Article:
Most car accidents that cause injuries also cause visible damages to a vehicle. But that is not always the case. Some car accidents may seem innocuous, leaving your car unscathed. While your car could be undamaged, you could still have injuries.
If a car accident left you with injuries, you might have a legal right to file a claim. Protect your right today by consulting a car accident lawyer. They can help you investigate your accident and build a compelling claim. They can pursue compensation against the liable party, whether there was damage to your car or not.
You Should Report Your Accident Even If There Was No Damage
After a car accident, it is best to file a police report. Reporting the issue will help you build a case against the at-fault party. Once you report the issue to the police, you will get a receipt with the identification number of the accident report. It is important to obtain a copy as it serves as valuable evidence for your case.
While the report attempts to document most of the issues related to the incident, it is never all-inclusive. Therefore, it is essential to collect as much evidence as possible to build a strong case.
If you can, take pictures of the scene, including all vehicles involved in the accident. Note down the name of the driver, their contact information, and their insurance company. If there are witnesses, collect their names and contact information.
Your Health Is a Priority After a Car Accident
After a car accident, your health is the first thing you want to address. By reporting your accident, you can request law enforcement to dispatch medical services to evaluate you and attend to your injuries. The medical team will help provide evidence to prove that you suffered injuries after your accident.
Furthermore, the at-fault party’s insurance companies may try to negotiate with you and entice you with an offer that is lower than what you deserve. Even worse, they may try to argue that your injuries were not caused by accident.
Having a report that details your injuries can not only help prove that you deserve compensation but determine the settlement you are entitled to.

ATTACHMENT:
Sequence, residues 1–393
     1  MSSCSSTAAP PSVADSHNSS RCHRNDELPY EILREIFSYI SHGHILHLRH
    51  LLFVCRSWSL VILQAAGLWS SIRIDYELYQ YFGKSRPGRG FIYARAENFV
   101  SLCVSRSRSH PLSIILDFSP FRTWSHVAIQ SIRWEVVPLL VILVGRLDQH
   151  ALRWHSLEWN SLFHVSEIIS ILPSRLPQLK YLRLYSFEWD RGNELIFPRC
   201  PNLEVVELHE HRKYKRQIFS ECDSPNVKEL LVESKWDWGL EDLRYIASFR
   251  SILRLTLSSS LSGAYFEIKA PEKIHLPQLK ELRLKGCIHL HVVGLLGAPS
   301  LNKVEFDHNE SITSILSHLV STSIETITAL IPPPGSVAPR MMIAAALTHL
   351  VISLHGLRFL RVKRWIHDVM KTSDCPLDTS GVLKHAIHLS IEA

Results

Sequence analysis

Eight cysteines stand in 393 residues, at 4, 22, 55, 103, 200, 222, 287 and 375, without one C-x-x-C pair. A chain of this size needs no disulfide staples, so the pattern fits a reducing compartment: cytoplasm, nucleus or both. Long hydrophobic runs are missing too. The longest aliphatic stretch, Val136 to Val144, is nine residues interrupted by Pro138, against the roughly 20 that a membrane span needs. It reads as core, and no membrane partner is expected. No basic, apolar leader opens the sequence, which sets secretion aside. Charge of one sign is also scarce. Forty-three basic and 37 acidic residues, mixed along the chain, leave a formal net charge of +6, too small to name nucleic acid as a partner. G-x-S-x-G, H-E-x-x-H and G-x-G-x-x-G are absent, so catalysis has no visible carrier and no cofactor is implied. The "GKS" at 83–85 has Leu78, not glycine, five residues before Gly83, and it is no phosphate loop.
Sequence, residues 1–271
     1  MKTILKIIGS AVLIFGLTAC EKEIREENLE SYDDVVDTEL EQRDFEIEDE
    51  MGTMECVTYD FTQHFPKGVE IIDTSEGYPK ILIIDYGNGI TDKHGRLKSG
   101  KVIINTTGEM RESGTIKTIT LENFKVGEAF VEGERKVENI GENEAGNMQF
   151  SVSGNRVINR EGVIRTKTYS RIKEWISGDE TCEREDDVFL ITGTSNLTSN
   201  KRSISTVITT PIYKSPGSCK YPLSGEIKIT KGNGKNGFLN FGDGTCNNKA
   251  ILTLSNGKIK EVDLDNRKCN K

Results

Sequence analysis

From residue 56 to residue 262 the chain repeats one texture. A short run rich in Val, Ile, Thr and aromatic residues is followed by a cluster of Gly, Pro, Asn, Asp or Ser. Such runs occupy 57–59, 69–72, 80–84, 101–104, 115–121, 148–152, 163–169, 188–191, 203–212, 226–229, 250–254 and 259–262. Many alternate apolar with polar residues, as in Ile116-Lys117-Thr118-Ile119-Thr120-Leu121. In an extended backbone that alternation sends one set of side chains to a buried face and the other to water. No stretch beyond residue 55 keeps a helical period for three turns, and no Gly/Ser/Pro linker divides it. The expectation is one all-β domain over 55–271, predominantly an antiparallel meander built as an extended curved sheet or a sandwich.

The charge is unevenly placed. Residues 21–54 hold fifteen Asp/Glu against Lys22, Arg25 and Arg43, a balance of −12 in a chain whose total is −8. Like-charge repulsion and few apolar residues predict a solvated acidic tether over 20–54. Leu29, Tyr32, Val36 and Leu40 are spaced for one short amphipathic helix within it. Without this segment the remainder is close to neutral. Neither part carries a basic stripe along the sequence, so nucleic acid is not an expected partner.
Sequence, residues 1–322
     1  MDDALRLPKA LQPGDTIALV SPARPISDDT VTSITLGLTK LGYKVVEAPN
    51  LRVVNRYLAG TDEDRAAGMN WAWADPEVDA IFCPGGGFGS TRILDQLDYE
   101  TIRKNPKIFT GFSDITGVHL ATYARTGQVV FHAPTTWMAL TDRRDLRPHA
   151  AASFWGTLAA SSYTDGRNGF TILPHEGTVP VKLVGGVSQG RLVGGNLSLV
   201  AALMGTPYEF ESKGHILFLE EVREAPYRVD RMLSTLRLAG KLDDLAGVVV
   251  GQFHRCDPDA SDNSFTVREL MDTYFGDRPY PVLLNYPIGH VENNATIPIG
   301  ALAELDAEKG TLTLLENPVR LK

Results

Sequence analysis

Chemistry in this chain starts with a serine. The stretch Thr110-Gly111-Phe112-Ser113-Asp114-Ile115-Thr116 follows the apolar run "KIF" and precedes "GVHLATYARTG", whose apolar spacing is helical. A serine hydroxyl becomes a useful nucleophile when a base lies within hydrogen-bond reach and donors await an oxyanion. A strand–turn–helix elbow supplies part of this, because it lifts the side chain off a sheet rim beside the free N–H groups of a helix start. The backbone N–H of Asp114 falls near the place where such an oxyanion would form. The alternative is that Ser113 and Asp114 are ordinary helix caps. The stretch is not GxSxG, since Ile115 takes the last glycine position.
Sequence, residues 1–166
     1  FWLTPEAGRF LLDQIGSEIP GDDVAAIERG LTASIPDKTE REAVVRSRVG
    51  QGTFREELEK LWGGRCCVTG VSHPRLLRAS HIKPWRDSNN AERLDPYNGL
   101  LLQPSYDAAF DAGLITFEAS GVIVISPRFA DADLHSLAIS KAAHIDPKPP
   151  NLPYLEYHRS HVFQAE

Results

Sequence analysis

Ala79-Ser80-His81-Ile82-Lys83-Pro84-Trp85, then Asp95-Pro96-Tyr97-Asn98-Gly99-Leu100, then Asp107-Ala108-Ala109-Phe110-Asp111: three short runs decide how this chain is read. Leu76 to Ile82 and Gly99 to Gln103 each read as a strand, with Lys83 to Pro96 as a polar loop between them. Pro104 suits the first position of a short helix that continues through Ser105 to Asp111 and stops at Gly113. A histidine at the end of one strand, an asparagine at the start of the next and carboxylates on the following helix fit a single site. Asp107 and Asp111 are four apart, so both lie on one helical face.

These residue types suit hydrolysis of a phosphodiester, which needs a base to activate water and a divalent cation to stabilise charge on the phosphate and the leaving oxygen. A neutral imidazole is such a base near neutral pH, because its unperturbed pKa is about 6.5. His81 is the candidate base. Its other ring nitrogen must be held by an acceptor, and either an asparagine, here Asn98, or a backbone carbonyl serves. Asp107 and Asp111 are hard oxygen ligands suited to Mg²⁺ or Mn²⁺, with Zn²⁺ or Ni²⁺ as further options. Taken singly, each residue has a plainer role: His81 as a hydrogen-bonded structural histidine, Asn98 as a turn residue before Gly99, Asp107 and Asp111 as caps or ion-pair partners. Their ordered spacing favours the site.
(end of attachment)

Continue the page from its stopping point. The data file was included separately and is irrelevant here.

There Could Be Vehicle Damage, Albeit Unnoticeable
Even when you can’t see the damages, it does not mean that your car is undamaged. A scratch, paint mark, or a similar minute mark can signify the presence of more severe damages. This is also true for bodily injuries. For soft tissue injuries, they may take some time to show.
So, if you drive off after an accident without addressing the accident, you could forfeit your right to file a claim when such injuries or damages make themselves visible later.
Here are some of the types of vehicle damages that can easily go unnoticed:
- Leaks: Even when there is no visible damage to your car, an accident can result in a leaky oil pan, radiator, or any other part of the car that holds fluids. The impact from the collision can cause a tiny rupture and create serious problems.
- Reduced battery life: The impact caused by a collision can knock the vehicle battery loose, causing some short-circuiting in the lead plates, thus shortening the life span of the battery.
- Alignment: Car bumpers are designed to absorb shock in case of a collision. But even in the absence of visible damage, the vehicle could be misaligned.
Given these types of damages, you should not assume a lack of visible damages after an accident means your car is in great condition.
Recoverable Damages in a Car Accident
The types of damages you can recover depend on the extent of your injuries and losses. However, the damages you are likely to recover include:
These expenses include the costs of your visits to the doctor, hospitalizations, surgeries, medications, and more. You may also recover treatment costs for future complications arising from the accident.
If you missed work due to your accident injuries, you might recover compensation for the income you lost.
While there may be no visible property damage present, damage is still possible. You may be eligible to receive compensation to cover repairs or replacement of your vehicle.
Pain and Suffering
You can recover damages for the pain and suffering the accident caused you. Pain and suffering could be in the shape of physical pain, mental agony, and emotional turmoil.
The Comparative Negligence Law
Some states follow a modified comparative law of negligence. In Georgia or South Carolina, you can recover damages for your injuries from the responsible parties even if you were at fault, too. Your settlement is reduced by your percentage of fault, and you cannot be more than 50% at fault. Otherwise, you are not entitled to compensation.
Let Us Handle Your Vehicle Accident Lawsuit
If you were in a car accident and there were no damages, you might still have a case as long as another driver is at fault or at least partly responsible. At George Sink, P.A. Injury Lawyers, we can help you pursue the compensation you deserve from an auto accident. Contact us today at (843) 779-1777 to learn how we can help.